Lauranda, an interesting aside about Pirates of the Caribbean 4′s box office: I agree 100% with your capsule assessment of it (“kinda fun to watch, but not much else”), but the reason it broke a billion dollars worldwide was heavily due to OVERSEAS ticket sales: $250 million was from North America, $800 million was from foreign markets.

    Some of that is because Depp, pirate tales, and big, flashy action movies have broad international appeal, but it’s also due to several non-creative factors.

    First, there are literally more theaters in the world now–more and more movie theaters are being built every year in developing countries, and over the past decade the percentage of people living overseas with access to a first-run movie theater has increased dramatically. And Hollywood has been right there, ready to fill those new theaters with its product instead of regionally produced films.

    Second, the Internet (and again, increased access to it in developing countries) has dramatically increased the marketing and general awareness of Hollywood products overseas. (And nobody, and I mean nobody, knows how to leverage that into product hype and demand like Disney.)

  7. Lizzie
    Posted on September 20, 2011 at 12:22 pm

    Has a movie’s hype ever made you see it before you normally would have? Take the Twilight movies for example. I prefer to see “quality” movies at theaters. Ticket prices aren’t cheap and it takes good acting and/or good action to really make me see a movie in theaters. Otherwise, I can wait to rent it from red box. BUT By the time Breaking Dawn part 1 makes it to redbox , I will have heard endless opinions of the quality and it will skew my own opinion. So regards of how good Breaking Dawn is going to be, I have to be there for the midnight showing or go into hibernation until I have a chance to see it.

  8. Fiirvoen
    Posted on September 20, 2011 at 3:46 pm

    Is there too much hype for a movie? Two words: Green Lantern. By the time the movie rolled around, I had seen the trailer 30-50 times on television ALONE. It got to the point where I had to start fast forwarding my DVR through the trailers. THAT SHOULD NEVER HAPPEN TO YOUR TARGET MARKET.

  9. moviegoer123
    Posted on September 20, 2011 at 5:07 pm

    There’s definitely sometimes too much hype about movies. Like Avatar and The Social Network and after a week in theaters, The Help — those sort of got too much hype because they are so GREAT movies.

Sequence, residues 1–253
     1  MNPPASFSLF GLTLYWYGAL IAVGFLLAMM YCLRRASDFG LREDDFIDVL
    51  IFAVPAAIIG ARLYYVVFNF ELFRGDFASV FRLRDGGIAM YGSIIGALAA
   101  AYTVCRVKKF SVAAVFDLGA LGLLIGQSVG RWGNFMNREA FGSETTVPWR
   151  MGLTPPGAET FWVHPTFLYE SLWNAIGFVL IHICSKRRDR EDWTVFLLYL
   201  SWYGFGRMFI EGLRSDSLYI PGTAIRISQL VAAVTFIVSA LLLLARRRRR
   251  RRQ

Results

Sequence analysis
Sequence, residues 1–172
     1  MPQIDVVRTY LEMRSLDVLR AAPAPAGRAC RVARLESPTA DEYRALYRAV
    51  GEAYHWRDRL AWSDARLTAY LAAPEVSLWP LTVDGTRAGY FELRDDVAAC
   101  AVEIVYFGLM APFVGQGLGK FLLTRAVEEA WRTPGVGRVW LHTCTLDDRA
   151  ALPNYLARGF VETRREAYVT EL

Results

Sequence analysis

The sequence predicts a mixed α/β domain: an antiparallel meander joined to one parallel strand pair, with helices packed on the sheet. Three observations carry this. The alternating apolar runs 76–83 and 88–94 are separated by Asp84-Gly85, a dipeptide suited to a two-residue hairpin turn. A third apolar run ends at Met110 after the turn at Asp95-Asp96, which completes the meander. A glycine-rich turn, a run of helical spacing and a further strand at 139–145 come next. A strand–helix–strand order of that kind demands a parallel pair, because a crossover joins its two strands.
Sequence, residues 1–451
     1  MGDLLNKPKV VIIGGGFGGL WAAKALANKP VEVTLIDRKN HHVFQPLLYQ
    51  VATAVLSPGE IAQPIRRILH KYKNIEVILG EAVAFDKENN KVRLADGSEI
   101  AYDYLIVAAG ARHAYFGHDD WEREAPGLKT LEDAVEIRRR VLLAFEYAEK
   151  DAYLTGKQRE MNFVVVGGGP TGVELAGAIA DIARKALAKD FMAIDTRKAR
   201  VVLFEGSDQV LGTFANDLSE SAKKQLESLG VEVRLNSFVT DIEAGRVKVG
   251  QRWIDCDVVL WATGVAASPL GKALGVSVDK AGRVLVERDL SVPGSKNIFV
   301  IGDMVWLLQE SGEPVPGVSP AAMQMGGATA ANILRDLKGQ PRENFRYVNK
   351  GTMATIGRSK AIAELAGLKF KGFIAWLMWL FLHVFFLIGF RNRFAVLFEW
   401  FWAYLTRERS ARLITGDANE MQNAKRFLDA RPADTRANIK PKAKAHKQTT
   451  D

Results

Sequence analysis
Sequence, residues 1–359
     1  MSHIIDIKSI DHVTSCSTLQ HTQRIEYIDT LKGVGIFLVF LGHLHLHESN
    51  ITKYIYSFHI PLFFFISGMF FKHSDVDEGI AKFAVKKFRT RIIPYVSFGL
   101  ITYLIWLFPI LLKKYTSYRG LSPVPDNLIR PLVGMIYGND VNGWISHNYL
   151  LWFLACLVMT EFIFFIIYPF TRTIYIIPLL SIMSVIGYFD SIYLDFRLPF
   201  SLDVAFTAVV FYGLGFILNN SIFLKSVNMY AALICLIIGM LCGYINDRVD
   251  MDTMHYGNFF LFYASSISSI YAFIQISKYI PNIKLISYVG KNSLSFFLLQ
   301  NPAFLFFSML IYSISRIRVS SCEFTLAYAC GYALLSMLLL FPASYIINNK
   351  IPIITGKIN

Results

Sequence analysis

It’s understandable that people are EXCITED they seen the movie in the theaters the first weekend in release but sometimes, people can take it too far like Avatar has a blog and everything and Avatar 2 won’t be even in theaters until 2014 and Avatar 3 won’t be in theaters until 2015.

    The Social Network is really understandable because almost everyone these days go on Facebook or tweet-tweet-tweet their friends on Twitter and the film can relate to almost anybody since they use that social media and they don’t know about the invention of Facebook until they watch that movie.

    The Help got some hype on the performances. But The Help got the right dosage of hype — not way over the hype such as Avatar and Social Network. The Help surely does have those moving messages by Octavia Spencer and Viola Davis. Everyone who’s seen the movie are praising the movie for just the performances. But I spec The Help needs more hype since really it is a great movie.

    And lord have mercy, Pirates of the Caribbean: On Stranger Tides — of course that got hype since we’ve seen it for awhile the series and wonder what will happen to Capt. Jack Sparrow if we don’t see another.

    Harry Potter and the Deathly Hallows: Part II — I think that got way too much hype. It’s in the last in the series we all know that but some people can go too far like sitting in a movie theater parking lot for a day waiting for its release I heard that’s insane.

    They are just movies. It’s just entertainment\media. We all should know when to stop the hype when it gets too far.

  10. Kim
    Posted on September 20, 2011 at 9:06 pm

    How did the average moviegoer in the past ever venture into a movie without all the bruhaha and “hype” given these days? I do remember there was the printed ads and stories in the Hollywood magazines and occasional previews in the theaters,but not 1+ years before they are released. Yes there is a definite overkill by all the social medias. I’m usually so sick of the onslaught of advertising/promos that I could care less if I ever see the film. I’ve seen so much of the film that there is little mystery left to view thats a surprise. Thank goodness having a child in 9 months has less previews and hype, the birthrate might take a real dip. There goes that Target Market!

  11. Angel
    Posted on September 21, 2011 at 10:12 am

    Less is more! Media as always stays true to form and goes way over an acceptable mode….too much and your anticipation is better than the actual movie….sigh….